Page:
Milan paves the way for gender registries across Italy

The history-making move supports the rights of Transgender and non-binary citizens with identification documents and facilitation of voting rights.

Split-screen: flag of Italy (left), Monica Romano, Milan's first Transgender city councillor (right)
Image: Image by greghristov from Pixabay | Via Twitter @marco_bertacche

Several cities in Italy are presenting motions to establish gender registries for Transgender and non-binary people, following the lead of Milan where it was approved last month.

Bologna, Rome, Venice and Padua are among those fighting to create similar registries which will allow Transgender citizens to use their correct name instead of their birth name on identification documents such as travel cards for public transport, library cards and business badges and documents.

This development also supports Trans citizens’ voting rights, which have historically seen problems due to gendered polling stations, leading many Trans people to abandon their vote “to avoid situations of embarrassment”, according to

Milan’s precedent-setting register was approved on 17 May 2022, having been brought forward by Monica J Romano, the city’s first Transgender councillor.

She presented the motion to support all Transgender and non-binary citizens, and it now appears to be gaining momentum, as she is due to present again at the Equal Opportunities Commission of the Municipality of Bologna on June 22. Joining her in presenting this motion will be Deputy Mayor Emily Clancy and the President of Equal Opportunities at the Municipality of Bologna, Porpora Marcasciano.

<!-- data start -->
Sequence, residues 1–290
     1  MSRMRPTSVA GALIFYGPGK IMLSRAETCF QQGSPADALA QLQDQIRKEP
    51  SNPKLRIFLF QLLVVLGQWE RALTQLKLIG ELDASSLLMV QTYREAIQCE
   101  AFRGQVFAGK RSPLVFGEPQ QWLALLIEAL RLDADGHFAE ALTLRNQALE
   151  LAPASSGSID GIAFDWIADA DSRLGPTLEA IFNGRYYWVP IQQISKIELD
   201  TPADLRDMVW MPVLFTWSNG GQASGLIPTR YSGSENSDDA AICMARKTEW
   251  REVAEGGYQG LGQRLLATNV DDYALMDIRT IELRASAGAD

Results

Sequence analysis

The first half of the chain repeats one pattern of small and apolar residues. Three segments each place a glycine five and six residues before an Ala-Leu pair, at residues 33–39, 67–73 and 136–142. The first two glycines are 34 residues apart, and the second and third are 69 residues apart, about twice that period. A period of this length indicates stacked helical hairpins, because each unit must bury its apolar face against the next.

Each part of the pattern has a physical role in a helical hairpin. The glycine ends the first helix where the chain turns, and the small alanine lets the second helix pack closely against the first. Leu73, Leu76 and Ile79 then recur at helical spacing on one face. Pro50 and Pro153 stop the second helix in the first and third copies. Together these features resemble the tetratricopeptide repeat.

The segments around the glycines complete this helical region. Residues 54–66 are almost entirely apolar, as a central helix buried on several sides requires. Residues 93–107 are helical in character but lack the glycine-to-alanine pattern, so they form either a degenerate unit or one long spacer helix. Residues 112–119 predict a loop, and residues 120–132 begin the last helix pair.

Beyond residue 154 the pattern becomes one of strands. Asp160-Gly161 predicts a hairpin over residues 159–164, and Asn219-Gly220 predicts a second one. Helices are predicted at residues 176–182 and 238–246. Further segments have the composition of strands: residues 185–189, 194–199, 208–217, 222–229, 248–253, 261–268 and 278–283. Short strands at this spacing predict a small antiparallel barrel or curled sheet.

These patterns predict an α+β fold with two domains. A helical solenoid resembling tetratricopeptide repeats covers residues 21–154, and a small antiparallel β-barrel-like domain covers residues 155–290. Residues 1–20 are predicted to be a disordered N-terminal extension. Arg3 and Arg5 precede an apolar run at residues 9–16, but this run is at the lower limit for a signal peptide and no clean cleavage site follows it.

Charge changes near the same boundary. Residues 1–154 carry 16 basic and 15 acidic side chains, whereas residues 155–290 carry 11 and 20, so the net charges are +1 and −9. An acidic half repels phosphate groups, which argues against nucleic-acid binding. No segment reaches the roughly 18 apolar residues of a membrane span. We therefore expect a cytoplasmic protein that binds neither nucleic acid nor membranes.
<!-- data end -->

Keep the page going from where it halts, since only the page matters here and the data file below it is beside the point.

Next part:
“I am very happy with the interest shown by the Municipality of Bologna, by the Deputy Mayor Clancy and by the commission president Marcasciano,” said Romano. “Milan and Bologna are cities that have historically guided the compass of rights.”

“As the Register of Civil Unions approved in Milan in 2012 anticipated the recognition of same-sex couples, today the Gender Register will be at the forefront for the recognition of citizenship rights for transgender people ”

On the same day that Milan’s gender registry was approved, the city of Milan also became an official LGBTQ+ Freedom Zone, demonstrating the city’s commitment to LGBTQ+ rights in line with the values set by the European Union.

This move comes in response to the establishment of LGBT-free zones in Hungary and Poland, among other homophobic and transphobic legislation which continues to marginalise members of our community.

Just earlier this week, Dublin was also declared an LGBTQ+ Freedom Zone, as voted in by Dublin City Councillors this Pride month.

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